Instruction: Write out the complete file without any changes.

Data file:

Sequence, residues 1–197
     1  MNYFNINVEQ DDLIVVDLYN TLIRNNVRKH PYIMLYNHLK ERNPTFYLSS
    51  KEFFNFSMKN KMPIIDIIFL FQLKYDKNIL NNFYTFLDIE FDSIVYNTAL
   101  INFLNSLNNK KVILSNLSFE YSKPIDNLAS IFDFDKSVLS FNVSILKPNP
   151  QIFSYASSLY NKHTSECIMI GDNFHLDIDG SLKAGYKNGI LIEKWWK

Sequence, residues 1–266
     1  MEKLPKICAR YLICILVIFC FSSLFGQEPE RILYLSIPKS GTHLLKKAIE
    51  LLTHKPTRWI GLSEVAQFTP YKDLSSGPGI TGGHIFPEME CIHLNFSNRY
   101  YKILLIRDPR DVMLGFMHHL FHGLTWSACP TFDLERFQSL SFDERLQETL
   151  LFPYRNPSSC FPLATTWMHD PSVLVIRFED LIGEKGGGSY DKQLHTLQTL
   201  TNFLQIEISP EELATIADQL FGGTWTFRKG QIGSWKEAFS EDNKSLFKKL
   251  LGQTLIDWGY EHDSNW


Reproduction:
Sequence, residues 1–197
     1  MNYFNINVEQ DDLIVVDLYN TLIRNNVRKH PYIMLYNHLK ERNPTFYLSS
    51  KEFFNFSMKN KMPIIDIIFL FQLKYDKNIL NNFYTFLDIE FDSIVYNTAL
   101  INFLNSLNNK KVILSNLSFE YSKPIDNLAS IFDFDKSVLS FNVSILKPNP
   151  QIFSYASSLY NKHTSECIMI GDNFHLDIDG SLKAGYKNGI LIEKWWK

Sequence, residues 1–266
     1  MEKLPKICAR YLICILVIFC FSSLFGQEPE RILYLSIPKS GTHLLKKAIE
    51  LLTHKPTRWI GLSEVAQFTP YKDLSSGPGI TGGHIFPEME CIHLNFSNRY
   101  YKILLIRDPR DVMLGFMHHL FHGLTWSACP TFDLERFQSL SFDERLQETL
   151  LFPYRNPSSC FPLATTWMHD PSVLVIRFED LIGEKGGGSY DKQLHTLQTL
   201  TNFLQIEISP EELATIADQL FGGTWTFRKG QIGSWKEAFS EDNKSLFKKL
   251  LGQTLIDWGY EHDSNW